The Graphic Imperative: International Posters for Peace, Social Justice and the Environment
“The poster is the prime field for experimenting with visual language. It is the scene of changing ideas and aesthetics, of cultural, social and political events.”
Pierre Bernard, French Graphic Designer
Posters make ideas for social change accessible by recording struggles for peace, justice and liberation from oppression for all peoples and the environment. Posters can celebrate important acts of resistance, providing alternative explanations, interpretations, narratives and myths through creativity. Posters are telling indications of the artists’ social commitment. Whether they communicate, exhort, persuade, instruct, celebrate, or warn, graphic posters still jar us to action through bold messages and striking iconography. Posters can become visible dissent.
The Graphic Imperative is a select retrospective of forty years of international sociopolitical posters. These prime examples of Agitprop stir our emotions and cause us to reflect. They utilize the powers of visual metaphor, and at times, savage irony and humor. The themes of dissent, liberation, racism, sexism, human rights, civil rights, environmental and health concerns, AIDS, war, literacy and tolerance provide a window to an age of great change.
These messages of anger, determination, courage and hope cross borders of time and place. They become crucial weapons in humanity’s struggle and have helped empower and propel important movements for social change. Some have become icons that have changed the way we view our institutions, our world and ourselves. Because graphic designers need to express their individual views about a cause or issue, their posters record their passion in a field that often prefers the bland.
Identifying, locating and compiling 121 posters from the numerous amount created during this period was not an easy task. However, we have endeavored to show the social, political and aesthetic concerns of many cultures in a single exhibition. In delineating themes and contrasting political realities, we hope to focus the issues of our turbulent times, as Cuban poster designer Raul Martinez stated: “by putting a graphic face on a movement.”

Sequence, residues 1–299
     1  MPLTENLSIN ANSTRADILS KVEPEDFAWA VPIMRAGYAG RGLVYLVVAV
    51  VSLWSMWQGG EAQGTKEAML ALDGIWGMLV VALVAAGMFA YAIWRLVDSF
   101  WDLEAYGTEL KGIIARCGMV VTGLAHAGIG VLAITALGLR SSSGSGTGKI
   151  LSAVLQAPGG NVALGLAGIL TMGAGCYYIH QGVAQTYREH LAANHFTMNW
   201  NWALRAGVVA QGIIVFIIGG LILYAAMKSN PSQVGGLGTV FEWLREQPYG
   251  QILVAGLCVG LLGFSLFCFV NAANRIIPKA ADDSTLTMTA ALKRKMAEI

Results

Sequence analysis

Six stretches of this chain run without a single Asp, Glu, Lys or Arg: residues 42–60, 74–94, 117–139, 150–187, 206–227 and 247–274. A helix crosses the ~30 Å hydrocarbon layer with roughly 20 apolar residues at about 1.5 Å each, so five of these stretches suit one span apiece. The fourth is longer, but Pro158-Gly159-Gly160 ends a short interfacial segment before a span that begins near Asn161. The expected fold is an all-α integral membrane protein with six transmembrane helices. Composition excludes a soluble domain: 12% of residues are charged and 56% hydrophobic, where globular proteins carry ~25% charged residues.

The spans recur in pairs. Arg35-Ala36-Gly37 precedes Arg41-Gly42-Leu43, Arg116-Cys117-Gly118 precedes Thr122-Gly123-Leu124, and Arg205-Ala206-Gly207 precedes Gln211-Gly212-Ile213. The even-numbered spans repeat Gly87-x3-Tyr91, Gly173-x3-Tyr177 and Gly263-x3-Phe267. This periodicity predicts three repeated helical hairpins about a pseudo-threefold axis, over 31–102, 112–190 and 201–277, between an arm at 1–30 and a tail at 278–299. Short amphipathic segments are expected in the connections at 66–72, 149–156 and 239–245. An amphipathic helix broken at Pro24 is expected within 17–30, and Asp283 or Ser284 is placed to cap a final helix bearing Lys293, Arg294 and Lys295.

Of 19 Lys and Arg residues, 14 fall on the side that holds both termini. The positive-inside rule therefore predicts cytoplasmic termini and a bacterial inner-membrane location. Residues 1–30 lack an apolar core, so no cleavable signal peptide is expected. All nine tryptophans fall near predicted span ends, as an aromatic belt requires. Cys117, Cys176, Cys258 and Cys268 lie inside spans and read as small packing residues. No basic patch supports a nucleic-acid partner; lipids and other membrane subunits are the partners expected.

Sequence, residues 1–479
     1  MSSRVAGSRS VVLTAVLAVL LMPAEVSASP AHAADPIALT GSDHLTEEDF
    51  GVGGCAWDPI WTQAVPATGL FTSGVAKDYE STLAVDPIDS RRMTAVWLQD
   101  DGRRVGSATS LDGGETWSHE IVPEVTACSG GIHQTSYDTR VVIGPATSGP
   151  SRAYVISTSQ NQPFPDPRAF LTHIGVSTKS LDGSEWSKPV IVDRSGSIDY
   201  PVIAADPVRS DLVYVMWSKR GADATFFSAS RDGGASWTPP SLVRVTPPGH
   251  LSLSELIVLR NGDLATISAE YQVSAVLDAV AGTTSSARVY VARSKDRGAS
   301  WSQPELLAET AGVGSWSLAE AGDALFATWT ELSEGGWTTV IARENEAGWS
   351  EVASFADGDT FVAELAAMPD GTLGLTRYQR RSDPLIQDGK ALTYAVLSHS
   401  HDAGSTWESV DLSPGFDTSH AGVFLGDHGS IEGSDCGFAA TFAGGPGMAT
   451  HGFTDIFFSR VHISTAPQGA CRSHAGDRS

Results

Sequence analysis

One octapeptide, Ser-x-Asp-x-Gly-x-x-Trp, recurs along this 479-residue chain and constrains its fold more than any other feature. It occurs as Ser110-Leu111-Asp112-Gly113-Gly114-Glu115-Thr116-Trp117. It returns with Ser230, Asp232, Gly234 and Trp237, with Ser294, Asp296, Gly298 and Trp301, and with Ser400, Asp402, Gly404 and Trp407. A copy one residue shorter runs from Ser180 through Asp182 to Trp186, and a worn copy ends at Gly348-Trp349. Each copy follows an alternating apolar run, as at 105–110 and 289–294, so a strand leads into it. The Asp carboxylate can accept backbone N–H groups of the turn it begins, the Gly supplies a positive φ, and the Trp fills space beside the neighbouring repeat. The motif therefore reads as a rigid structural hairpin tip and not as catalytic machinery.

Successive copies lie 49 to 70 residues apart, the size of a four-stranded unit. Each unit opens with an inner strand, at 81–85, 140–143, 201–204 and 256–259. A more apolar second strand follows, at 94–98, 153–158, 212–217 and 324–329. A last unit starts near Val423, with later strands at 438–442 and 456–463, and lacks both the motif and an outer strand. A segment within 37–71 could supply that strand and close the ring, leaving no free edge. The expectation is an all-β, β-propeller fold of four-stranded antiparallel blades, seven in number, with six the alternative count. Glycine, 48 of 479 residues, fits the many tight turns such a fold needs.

We have chosen work that is conceptually strong—yet with a direct message. All of the posters selected exhibit a combination of the following qualities: The work is innovative in some way. The work embodies and reasserts the value of a particular way of imparting a point of view to its public. The work is a highly accomplished example of its type in its discipline. The work is of lasting, rather than transitory, interest. The work contributes strongly to the context of the exhibition and reflects the vision of the three curators. The work exemplifies the exhibition’s key argument that creativity through graphic design is a force for cultural emancipation.
Most of the poster designers represented in this exhibition have generously donated their posters to the Massachusetts College of Art (while a few were lent by collectors). As a result of gathering this work from our contemporaries, this magnificent collection will remain intact as a resource for future generations of students, designers and scholars.
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